The Man Who Wrote Everything

Revealed are a few tools and tricks of the Talesian trade, among them the 7-by-3 cardboard squares, salvaged from his laundered dress shirts, that he uses for notetaking, sometimes from the privacy of a bathroom stall. (Talese’s habit of neglecting to use a tape recorder, along with special interests that could be called prurient — massage parlors and motel voyeurism among them — has led some journalism watchdogs to bark.) Another, more compelling tic: his familiar method of linking disparate individuals in a sort of baton-passing from chapter to chapter.

Part 1 is about Talese’s tenure at The New York Times, where a more seasoned reporter once advised him, “Young man, never interview anyone over the phone if you can help it.” (Compared with email, text and Gchat, of course, the phone now seems like a holy relic.)

Renowned for his epic book about this newspaper and its leaders, “The Kingdom and the Power” (1969), an ur-text of media studies, Talese here pans over its underlings and undersung — the linotype operators and printers, a substantial number of them “deaf mutes,” who would repair for drinks to Gough’s Chop House in actually ink-stained four-corner hats; and copyreaders, those “private, pensive and pondering individuals.”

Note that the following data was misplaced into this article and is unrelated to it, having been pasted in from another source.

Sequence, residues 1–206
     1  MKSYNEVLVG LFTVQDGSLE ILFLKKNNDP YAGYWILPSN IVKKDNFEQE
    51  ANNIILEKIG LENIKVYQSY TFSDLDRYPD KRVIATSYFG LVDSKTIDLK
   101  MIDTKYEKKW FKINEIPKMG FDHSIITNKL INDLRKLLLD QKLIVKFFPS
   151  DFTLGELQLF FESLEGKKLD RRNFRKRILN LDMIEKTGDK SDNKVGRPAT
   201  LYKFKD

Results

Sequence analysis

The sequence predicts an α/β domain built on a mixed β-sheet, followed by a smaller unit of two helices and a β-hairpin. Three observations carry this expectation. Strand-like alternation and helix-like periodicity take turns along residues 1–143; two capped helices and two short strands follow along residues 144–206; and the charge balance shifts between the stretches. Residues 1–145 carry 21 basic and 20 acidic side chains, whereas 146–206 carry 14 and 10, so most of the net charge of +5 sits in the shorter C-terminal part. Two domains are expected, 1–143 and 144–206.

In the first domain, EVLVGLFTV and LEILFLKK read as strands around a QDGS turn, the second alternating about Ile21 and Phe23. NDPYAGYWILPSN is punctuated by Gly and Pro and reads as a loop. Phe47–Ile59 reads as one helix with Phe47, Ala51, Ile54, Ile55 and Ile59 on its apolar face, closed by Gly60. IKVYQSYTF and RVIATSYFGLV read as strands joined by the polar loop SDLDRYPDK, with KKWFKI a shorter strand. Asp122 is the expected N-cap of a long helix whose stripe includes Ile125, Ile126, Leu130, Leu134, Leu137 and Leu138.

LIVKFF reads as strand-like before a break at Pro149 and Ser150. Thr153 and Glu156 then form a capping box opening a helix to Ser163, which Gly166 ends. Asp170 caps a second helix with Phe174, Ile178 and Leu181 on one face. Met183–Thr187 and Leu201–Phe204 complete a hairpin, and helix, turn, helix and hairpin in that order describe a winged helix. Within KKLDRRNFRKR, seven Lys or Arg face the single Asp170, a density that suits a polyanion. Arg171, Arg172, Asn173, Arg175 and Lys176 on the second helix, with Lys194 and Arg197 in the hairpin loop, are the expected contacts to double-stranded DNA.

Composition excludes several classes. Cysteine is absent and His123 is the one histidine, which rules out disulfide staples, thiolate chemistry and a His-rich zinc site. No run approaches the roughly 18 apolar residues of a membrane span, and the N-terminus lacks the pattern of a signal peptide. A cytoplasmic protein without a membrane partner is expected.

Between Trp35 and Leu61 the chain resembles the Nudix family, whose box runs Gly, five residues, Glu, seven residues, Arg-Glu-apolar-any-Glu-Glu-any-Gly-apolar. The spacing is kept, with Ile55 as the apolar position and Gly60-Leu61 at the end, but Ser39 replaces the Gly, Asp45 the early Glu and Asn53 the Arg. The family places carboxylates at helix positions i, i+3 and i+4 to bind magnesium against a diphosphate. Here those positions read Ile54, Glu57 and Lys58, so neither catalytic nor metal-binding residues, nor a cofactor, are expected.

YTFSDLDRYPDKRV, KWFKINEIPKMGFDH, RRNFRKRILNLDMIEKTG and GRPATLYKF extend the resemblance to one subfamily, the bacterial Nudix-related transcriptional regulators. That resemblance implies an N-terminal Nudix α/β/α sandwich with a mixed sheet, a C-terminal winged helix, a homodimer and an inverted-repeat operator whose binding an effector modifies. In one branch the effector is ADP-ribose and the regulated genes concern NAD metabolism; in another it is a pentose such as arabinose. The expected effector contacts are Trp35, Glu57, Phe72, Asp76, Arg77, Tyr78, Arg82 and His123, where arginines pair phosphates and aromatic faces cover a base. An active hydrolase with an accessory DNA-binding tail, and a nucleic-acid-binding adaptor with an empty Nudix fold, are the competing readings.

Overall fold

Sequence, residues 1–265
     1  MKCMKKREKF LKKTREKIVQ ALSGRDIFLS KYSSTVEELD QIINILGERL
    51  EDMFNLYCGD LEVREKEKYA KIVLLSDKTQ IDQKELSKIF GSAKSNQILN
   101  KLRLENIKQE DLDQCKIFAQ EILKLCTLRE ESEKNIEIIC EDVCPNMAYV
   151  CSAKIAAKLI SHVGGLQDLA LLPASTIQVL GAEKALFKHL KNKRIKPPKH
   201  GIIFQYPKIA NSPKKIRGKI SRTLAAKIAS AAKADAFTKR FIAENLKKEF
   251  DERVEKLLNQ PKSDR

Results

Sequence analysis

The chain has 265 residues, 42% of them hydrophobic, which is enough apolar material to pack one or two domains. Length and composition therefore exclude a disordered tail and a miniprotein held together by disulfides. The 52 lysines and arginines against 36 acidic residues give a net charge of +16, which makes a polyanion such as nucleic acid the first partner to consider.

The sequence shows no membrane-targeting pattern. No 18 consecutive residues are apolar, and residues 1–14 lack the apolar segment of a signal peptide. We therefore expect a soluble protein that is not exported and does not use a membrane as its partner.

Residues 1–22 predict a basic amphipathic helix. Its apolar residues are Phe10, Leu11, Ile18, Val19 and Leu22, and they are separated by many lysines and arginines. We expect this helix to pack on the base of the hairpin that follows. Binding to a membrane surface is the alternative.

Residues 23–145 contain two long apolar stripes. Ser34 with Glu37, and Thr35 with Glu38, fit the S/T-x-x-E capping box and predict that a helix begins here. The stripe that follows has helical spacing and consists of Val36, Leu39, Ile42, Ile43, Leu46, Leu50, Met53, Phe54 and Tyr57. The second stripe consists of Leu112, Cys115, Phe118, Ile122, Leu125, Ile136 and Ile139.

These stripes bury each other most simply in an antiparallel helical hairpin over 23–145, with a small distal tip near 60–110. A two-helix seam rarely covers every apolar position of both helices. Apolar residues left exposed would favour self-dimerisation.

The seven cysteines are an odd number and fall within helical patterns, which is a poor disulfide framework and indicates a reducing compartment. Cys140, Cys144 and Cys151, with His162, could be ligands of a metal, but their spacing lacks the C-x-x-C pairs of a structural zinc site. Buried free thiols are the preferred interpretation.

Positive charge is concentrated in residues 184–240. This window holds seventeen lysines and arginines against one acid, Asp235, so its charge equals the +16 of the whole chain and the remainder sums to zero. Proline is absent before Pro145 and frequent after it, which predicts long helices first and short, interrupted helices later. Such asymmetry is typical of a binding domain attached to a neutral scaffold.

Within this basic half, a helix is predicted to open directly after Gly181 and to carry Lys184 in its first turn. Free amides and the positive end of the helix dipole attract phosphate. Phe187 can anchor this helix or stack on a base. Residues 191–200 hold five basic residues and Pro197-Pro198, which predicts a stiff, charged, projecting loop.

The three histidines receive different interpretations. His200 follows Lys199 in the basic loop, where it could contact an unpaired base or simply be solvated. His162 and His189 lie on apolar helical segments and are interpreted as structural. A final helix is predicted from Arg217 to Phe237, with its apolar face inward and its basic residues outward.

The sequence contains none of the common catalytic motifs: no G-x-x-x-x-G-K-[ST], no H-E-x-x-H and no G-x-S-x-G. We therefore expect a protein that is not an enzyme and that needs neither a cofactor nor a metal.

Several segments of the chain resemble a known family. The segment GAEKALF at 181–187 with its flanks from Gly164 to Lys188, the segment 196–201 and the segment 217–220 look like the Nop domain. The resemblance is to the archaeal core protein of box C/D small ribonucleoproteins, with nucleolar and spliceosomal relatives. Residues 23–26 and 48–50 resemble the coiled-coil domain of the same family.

He zeros in on one of them, Alden Whitman, who became a chief obituary writer (he called himself the “happy oarsman on the Styx”), whom Talese also profiled for Esquire, with considerably more access than Sinatra gave. The piece got Whitman a seat next to Johnny Carson on “The Tonight Show.” These were different times.

Talese has tried, and by many lights failed, at straightforward memoir before, namely the 2006 rambler “A Writer’s Life.” “Bartleby and Me” is more of an ambler, in which he appears to give his finger to the form by filigreeing a couple of his ironclad hits and then tacking on a new gargoyle of a tale. He’s done it his way, and one can imagine him and Sinatra’s ghost sharing a song-and-dance number, a couple of satisfied sailors on the town.

BARTLEBY AND ME: Reflections of an Old Scrivener | By Gay Talese | 320 pp. | Mariner Books | $28.99

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